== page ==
For the highly speculative business of investing in unproven companies, the SEC only allows accredited investors. That may change once the regulator formulates rules on equity crowd funding, or selling small amounts of equity to many investors, as allowed by the Jumpstart Our Business Startups, or JOBS, Act, passed in 2012.
Until then, private offerings are currently only open to accredited investors. But technology has recently given the process a new twist. MicroVentures is a full-fledged broker dealer with an online investment platform for investors interested in startups. It's currently limited to the well-heeled investor and the investment options are fully vetted.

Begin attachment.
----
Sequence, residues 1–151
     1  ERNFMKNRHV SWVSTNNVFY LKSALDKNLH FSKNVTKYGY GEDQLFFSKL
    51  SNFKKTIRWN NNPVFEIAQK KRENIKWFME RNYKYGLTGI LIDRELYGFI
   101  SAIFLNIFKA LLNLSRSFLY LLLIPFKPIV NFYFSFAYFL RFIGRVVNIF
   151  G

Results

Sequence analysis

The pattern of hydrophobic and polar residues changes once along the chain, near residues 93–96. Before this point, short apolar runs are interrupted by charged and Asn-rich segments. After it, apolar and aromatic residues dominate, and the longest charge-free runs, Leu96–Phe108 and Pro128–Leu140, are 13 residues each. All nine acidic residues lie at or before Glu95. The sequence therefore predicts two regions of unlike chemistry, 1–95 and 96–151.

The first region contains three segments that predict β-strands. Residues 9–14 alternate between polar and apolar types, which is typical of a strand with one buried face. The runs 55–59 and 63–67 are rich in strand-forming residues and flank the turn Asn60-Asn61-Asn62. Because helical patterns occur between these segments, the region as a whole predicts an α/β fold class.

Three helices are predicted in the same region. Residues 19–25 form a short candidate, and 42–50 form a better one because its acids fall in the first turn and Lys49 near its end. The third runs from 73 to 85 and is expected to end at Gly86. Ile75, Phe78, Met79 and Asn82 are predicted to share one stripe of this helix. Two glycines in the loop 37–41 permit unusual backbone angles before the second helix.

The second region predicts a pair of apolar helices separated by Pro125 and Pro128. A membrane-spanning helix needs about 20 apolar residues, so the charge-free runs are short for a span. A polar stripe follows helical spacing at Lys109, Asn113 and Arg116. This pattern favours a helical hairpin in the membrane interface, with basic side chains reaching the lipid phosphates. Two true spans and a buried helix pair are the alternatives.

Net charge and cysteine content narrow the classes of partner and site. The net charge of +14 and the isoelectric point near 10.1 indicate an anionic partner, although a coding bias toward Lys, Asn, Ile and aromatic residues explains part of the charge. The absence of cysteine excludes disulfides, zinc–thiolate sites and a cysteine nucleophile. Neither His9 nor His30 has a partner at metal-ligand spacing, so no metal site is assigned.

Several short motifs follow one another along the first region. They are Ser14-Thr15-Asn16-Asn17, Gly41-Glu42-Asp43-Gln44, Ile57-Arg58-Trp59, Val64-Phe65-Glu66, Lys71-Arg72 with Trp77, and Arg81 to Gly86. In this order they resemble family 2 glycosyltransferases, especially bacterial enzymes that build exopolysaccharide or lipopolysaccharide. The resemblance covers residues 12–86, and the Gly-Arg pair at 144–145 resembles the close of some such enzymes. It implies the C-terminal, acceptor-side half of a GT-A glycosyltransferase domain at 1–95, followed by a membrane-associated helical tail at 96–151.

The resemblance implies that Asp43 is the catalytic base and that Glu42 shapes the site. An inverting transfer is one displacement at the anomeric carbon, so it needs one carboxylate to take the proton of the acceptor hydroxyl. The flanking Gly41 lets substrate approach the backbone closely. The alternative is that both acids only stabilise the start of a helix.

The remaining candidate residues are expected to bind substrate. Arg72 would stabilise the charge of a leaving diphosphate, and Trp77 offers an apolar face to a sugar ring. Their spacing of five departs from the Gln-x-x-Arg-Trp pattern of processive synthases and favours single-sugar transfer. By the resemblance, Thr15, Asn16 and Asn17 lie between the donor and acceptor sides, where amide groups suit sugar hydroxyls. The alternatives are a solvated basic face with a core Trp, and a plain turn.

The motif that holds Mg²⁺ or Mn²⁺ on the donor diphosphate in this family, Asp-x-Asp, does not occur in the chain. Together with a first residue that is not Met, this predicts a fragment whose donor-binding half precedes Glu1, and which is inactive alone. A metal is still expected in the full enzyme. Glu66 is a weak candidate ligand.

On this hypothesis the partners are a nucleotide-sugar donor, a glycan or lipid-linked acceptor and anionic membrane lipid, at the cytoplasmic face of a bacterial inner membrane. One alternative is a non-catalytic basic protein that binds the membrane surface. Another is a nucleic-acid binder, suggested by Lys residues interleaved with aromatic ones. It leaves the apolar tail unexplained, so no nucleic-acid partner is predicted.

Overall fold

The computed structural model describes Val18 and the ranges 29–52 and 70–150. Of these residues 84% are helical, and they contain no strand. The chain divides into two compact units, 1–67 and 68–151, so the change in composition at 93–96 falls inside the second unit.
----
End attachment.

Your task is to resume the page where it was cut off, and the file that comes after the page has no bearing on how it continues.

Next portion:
On the MicroVentures website, accredited investors can peruse the offerings online and invest between $5,000 and $30,000 in return for shares in a startup. After that the SEC enforces specific and complicated rules about selling restricted securities.
"If it's still a private company and there is liquidity, they have to hold it for a year or get a legal opinion. After a company goes public there is a lock-up period, usually 180 days for pre-(initial public offering) investors, but it depends on the company and who the investor is and how much they invested," says Tim Sullivan, CEO at MicroVentures.
MicroVentures has funded some well-known companies, including Twitter and Yelp.